The mandate to establish churchwide reporting mechanisms for those who have suffered abuse was first codified in the 2019 Motu proprio, Vos Estis Lux Mundi, Article 2. The document, which was published shortly after the meeting of Church leaders in Rome in February 2019, presided over by the Holy Father, follows up on what emerged during the work, in line with the priorities indicated during the meeting by participants, particularly survivors and the associations representing them. The Pope instructed the Commission to oversee the implementation of these procedures through assistance and communication with Church leaders. The Commission is developing a strategic plan to ensure the implementation of this requirement of VELM in the spirit of the new Apostolic Constitution Praedicate Evangelium, which indicates how the Curia should be at the service of local churches in a purposeful way. Therefore, the organizational structure of the PCTM will reflect such a synodal approach, characterized by dialogue and mutual reinforcement.

Following this renewed mandate, the Commission will promote local churches in building capacity to ensure that local development of the resources needed for this specific type of pastoral services is facilitated. Addressing the lack of church capacity in developing countries is a critical priority, because the disparity in child sexual abuse training and prevention between the northern and southern hemispheres recalls the urgency of church collaboration in wealthier countries to remedy the huge inequality in safeguarding services between the global north and south.

Precisely with a view to more incisive collaboration in combating the evil of abuse, the Italian Bishops' Conference and the Commission are entering into an agreement to exchange regular updates on initiatives put in place at the national and universal level, but also to share expertise and professionalism so as to create a global network of Centers for the reception, listening and healing of victims, modeled on the international standards developed by the Commission and what has been implemented in Italian dioceses. So that this attention is extended to all countries, especially developing ones, the CEI has provided funding, for a period of three years, to support the Commission in carrying out its work of building strong safeguarding mechanisms in the Global South. Hopefully, this significant commitment of the CEI, coming from the 8×1000 contributions that the Church in Italy uses to support developing countries, can be complemented by future aid from other Episcopal Conferences.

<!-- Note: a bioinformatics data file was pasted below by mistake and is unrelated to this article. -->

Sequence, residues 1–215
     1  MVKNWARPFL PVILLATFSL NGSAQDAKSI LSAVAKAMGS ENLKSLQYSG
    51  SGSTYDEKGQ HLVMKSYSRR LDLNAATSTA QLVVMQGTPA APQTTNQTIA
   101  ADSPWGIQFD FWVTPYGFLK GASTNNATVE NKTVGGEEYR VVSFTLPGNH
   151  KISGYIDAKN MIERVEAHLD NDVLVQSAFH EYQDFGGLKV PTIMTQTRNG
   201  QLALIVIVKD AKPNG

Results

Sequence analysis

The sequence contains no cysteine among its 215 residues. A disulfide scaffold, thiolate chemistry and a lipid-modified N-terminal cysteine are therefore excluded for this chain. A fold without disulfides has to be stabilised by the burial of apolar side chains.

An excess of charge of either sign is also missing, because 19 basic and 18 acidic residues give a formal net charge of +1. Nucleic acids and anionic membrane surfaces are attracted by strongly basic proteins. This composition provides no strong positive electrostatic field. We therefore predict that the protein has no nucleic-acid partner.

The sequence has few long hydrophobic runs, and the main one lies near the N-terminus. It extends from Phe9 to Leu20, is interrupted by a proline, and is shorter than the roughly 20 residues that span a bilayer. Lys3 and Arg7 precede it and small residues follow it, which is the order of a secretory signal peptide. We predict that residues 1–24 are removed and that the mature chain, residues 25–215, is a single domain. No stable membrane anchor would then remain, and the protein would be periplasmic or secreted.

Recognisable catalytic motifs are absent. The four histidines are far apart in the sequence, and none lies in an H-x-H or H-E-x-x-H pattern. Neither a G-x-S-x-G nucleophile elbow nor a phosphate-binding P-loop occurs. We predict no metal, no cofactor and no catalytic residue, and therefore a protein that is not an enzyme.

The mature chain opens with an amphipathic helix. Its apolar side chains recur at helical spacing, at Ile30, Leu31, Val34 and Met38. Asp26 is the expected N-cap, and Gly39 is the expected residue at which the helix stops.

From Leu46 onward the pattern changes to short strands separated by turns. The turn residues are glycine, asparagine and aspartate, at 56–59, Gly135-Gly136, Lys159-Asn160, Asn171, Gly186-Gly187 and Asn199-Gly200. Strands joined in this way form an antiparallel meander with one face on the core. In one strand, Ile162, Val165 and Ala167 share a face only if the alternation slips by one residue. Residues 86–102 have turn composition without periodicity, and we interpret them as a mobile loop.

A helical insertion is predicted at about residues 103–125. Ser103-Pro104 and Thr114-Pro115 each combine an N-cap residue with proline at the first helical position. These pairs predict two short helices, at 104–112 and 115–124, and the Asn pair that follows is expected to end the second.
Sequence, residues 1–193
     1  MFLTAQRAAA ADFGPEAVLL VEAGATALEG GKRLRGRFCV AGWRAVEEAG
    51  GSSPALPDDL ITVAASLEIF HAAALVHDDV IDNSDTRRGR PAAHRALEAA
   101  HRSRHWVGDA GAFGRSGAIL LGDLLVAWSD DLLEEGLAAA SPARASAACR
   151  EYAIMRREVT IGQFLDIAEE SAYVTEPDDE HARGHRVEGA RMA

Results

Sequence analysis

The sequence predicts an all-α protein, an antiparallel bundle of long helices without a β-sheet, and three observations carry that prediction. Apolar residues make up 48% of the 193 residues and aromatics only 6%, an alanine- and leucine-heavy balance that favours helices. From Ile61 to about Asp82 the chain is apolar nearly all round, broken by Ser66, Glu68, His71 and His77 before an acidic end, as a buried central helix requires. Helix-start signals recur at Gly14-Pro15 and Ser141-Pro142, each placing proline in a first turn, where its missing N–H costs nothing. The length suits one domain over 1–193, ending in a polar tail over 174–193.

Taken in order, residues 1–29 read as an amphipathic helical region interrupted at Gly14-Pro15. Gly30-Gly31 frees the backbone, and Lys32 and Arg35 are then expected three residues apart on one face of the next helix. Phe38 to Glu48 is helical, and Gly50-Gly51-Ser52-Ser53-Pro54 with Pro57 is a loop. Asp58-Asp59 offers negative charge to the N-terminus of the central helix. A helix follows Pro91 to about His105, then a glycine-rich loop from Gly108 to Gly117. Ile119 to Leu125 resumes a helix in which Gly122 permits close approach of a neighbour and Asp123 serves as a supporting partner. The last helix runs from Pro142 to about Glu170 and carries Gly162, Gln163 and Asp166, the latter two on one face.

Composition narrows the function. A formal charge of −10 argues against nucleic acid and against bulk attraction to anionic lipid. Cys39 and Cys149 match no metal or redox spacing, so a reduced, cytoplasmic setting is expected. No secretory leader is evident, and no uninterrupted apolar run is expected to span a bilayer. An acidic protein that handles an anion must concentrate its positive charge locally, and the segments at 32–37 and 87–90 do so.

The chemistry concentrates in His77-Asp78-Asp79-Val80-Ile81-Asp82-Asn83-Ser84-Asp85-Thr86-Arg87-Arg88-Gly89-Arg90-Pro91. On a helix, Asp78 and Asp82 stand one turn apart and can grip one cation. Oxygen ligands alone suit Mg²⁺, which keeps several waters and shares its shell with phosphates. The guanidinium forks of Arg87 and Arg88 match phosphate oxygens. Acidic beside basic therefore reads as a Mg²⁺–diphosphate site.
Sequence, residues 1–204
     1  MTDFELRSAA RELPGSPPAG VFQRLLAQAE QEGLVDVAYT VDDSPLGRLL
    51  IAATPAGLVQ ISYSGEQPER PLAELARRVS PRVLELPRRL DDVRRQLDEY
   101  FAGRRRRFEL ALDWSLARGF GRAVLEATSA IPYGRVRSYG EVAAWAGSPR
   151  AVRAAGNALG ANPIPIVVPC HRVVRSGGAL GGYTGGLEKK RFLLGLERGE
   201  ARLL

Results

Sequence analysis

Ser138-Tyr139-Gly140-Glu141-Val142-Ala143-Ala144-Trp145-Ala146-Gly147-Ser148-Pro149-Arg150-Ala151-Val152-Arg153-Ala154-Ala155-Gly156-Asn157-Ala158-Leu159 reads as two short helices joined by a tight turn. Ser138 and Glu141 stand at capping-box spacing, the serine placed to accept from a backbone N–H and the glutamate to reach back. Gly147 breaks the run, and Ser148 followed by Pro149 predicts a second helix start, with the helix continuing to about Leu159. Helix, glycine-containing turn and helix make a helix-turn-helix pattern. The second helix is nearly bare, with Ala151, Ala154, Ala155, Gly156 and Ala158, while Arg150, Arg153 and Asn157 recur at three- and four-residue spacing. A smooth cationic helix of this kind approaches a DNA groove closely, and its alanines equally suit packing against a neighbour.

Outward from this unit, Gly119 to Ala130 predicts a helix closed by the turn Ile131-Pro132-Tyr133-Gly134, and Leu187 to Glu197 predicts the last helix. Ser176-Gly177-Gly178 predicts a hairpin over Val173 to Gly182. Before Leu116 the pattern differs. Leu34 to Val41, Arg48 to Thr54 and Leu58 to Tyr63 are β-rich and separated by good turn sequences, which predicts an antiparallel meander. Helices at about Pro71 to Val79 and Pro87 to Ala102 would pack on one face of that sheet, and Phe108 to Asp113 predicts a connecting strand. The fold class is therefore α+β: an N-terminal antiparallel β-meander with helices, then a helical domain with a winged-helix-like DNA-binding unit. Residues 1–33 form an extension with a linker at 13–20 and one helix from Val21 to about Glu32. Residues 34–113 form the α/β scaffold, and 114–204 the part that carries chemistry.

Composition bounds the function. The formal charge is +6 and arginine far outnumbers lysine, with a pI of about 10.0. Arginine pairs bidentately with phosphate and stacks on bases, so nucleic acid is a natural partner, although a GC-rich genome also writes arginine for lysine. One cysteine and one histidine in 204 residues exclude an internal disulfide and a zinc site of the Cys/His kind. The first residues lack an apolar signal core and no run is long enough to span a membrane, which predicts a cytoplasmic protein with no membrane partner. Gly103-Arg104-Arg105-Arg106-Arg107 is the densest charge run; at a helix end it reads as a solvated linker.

The Annual Report on Safeguarding in the Church

I would like you to prepare for me each year a report on the Church's initiatives for the protection of minors and vulnerable adults. This may be difficult at first, but I ask you to begin where necessary, to provide a reliable account of what is currently being done and what needs to change, so that the relevant authorities can act. This report will be a factor of transparency and accountability and - I hope - will provide a clear verification of our progress in this effort. (Pope Francis, April 29, 2022).

This Annual Report will detail the nature and adequacy of policies and safeguarding procedures throughout the Church, as well as their implementation and effectiveness. It will assess the care and accompaniment of victims/survivors by the Church and will provide feedback and general guidance on best practices throughout the Church. Although the commission does not deal with individual cases, the Annual Report will provide information on issues such as: the countries and dioceses in which safeguarding guidelines have been implemented, whether these guidelines conform to acceptable standards, how recently they have been revised, and where they have not yet been implemented.

This Annual Report can become a vital tool to help strengthen the credibility of the Church's efforts in addressing sexual abuse. If it serves as the main meeting point between the Commission and the church entities it seeks to engage, it will help to assess the progress being made in the Church's development of those processes and programs that ensure the protection of minors and vulnerable persons, and the care of the victims/survivors. The Report will foster systematic communication of the effective reception and implementation by the churches of the Pope's vision; particularly with regard to the Commission's now expanded churchwide agenda.

A second role such a Report can play is to help prove the effectiveness of reforms in policies and practices in use in the Church. Changes and improvements have been made globally, but many remain unknown or invisible. By tracking this progress, the Report can contribute to a greater degree of confidence in the Church's ability to effectively protect children, carry out its evangelizing mission, and promote a culture of care, ensuring justice and reconciliation.